How to Create the Right Sales Process for Your Company

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In a perfect world, products and services would simply sell themselves. However, it’s a fact that no matter how in-demand your products are, you’re still going to need some sales acumen to convert prospective customers into buyers. To achieve this, you’re going to need a strong sales procedure. It simply cannot be reiterated enough how important it is to understand, define and continually develop your sales procedure over time if you want to stay one step ahead of the competition.

How to Create the Right Sales Process for Your Company

A lot of business leaders are naturally fantastic salespeople. After all, they’ve built up the business from scratch and tend to know their products and services like the back of their hand. In addition to this, most CEOs understand the competitive nature of the market, and how to deal with customer rejection – if only the CEO could handle all of the sales!

Of course, in the real world, this simply isn’t feasible. Instead, most companies rely on salespeople and marketing teams to generate leads and close deals. This is essentially what’s known as the sales process.

Some companies have a real handle on their sales procedure, with scripts and clarified steps designed to replicate the sales success currently enjoyed by the company. However, more often than not these steps are ambiguous, with different elements within the company having varied opinions on how to close a sale.

For example, a salesperson might swear by the idea of visiting a client, sending them a quote and then expecting an order. It might work some of the time, but it’s not concise – and finding clarity in your sales methodology could work wonders for your return on investment.

How to build a clear sales process

Constructing a reliable, repeatable and scalable sales methodology isn’t easy. While there are plenty of diagrams, expert opinions and case studies that suggest ways in which you should be doing things, you might still be lost as to where to start. If this sounds familiar, we’d like to suggest a simple sales process solution that won’t leave you feeling perplexed. Instead, it simply works.

The basics of sales methodology

The most common stages of the process include:

  • Prospecting – the process of sourcing early-stage leads to connect with. This can involve online research, field visits or networking at conferences and industry events. Prospecting is one of the most vital parts of the process.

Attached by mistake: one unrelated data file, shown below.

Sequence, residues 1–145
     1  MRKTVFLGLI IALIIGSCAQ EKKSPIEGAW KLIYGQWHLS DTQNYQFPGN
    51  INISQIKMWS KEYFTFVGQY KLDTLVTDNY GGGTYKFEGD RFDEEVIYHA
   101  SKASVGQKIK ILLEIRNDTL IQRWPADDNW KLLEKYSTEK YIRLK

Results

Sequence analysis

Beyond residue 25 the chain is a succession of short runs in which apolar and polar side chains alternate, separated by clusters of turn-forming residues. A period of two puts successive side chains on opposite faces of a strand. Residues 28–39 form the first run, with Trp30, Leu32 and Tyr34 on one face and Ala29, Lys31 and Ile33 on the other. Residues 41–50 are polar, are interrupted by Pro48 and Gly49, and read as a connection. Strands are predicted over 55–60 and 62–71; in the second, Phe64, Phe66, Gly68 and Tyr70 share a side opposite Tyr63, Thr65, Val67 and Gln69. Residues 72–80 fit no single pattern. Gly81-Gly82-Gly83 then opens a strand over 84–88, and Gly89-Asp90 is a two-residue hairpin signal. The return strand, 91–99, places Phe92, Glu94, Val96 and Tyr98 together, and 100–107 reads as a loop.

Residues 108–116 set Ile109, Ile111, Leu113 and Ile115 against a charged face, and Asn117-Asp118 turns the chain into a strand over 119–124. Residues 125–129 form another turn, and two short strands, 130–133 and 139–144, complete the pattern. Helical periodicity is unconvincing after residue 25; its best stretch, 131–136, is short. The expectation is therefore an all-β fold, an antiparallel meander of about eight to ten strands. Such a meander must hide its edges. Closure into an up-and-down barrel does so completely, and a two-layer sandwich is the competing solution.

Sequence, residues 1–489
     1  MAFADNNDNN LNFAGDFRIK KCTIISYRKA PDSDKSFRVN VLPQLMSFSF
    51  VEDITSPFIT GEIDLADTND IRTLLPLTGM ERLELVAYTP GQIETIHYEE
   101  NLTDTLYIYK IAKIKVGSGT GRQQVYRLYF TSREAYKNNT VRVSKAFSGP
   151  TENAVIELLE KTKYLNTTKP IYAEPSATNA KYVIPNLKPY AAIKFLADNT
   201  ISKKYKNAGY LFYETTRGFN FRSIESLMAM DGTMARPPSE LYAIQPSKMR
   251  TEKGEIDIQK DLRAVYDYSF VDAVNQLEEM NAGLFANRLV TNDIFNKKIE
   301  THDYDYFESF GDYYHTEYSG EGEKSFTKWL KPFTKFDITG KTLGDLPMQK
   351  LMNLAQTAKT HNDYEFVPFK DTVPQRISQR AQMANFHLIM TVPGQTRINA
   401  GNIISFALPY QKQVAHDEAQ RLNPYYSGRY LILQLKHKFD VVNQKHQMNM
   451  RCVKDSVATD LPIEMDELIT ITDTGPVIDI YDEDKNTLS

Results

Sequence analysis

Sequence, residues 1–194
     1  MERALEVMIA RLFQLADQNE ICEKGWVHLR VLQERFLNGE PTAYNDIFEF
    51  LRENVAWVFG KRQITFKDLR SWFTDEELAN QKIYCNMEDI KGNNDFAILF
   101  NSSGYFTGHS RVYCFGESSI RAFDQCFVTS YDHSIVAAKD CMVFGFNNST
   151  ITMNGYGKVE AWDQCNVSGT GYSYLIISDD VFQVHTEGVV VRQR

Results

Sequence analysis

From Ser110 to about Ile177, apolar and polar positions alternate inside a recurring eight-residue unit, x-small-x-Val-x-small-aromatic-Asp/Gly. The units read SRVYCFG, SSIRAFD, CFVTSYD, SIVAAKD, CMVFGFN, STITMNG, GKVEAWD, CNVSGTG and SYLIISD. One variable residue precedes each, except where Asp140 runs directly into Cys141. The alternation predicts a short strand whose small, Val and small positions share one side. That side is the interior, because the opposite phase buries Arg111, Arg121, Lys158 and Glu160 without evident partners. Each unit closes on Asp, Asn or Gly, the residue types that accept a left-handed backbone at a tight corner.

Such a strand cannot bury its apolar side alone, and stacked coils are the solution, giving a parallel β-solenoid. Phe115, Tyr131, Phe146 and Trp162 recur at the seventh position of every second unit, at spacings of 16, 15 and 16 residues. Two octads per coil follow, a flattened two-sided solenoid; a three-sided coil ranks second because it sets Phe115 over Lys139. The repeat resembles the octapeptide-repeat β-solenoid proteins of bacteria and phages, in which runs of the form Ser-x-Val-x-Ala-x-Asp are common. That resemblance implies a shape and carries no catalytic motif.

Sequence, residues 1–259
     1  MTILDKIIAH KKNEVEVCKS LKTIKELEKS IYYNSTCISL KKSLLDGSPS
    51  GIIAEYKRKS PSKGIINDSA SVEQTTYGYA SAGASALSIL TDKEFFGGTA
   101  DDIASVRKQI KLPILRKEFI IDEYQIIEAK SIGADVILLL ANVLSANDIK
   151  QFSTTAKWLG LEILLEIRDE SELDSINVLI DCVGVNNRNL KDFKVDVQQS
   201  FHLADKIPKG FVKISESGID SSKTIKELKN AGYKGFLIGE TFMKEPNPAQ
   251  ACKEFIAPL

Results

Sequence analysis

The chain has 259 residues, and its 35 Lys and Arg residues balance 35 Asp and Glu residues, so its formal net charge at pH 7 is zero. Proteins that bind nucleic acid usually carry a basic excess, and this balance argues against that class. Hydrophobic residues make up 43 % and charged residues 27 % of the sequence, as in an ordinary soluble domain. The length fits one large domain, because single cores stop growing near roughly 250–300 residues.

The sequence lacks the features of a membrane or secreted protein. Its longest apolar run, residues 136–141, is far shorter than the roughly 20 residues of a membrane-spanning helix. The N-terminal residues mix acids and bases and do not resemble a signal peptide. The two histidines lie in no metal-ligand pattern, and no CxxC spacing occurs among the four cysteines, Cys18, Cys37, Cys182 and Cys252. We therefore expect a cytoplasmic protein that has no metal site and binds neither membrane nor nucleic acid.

• Connecting – making contact with those “early-stage” prospects to gather additional information. By this stage, your sales team should be able to judge the likelihood of moving forward with a sale. This usually happens during a phone call or face-to-face meeting, but can also happen online.
  • Researching – finding out more about each prospect will help your sales team to offer a bespoke experience. Offering a personal touch helps to improve the likelihood of sealing a deal. This can sometimes involve a salesperson speaking to different departments within a company to gain an insight into their current business objectives. In B2B sales, sales wisdom states that a good rep should be able to better understand the company than the reps who work there!
  • Presenting – gaining a formal opportunity to demonstrate what your company can offer the prospective customer is the ideal opportunity to make in-roads. This part of the process can be time-consuming and should typically be used for “well-qualified” prospects – in other words, the potential customers who your team have a good chance of completing a sale with.
  • Closing the sale – any late-stage activities which occur as the deal is about to close should be dealt with here. This can involve negotiating on the price of a quote, achieving the approval of decision-makers and finding out when you can deliver the goods or services required. All salespeople should be working with closing the sale in mind. After all, it’s what keeps the business going, and what pays the wages of your team.

It’s important to understand that your sales procedure is never really “complete”. It should always be a work-in-progress that allows for marketplace changes – and you should never be afraid to make adjustments.

With so many choices in today’s crowded marketplace, it’s also important for your sales team to have access to the tools they need to place the requirements of prospective buyers above their own. This means having information to hand about the product, information to hand about the customer and the ability to tailor the sales experience to the prospect. With all this in place, sales suddenly become that little bit simpler.

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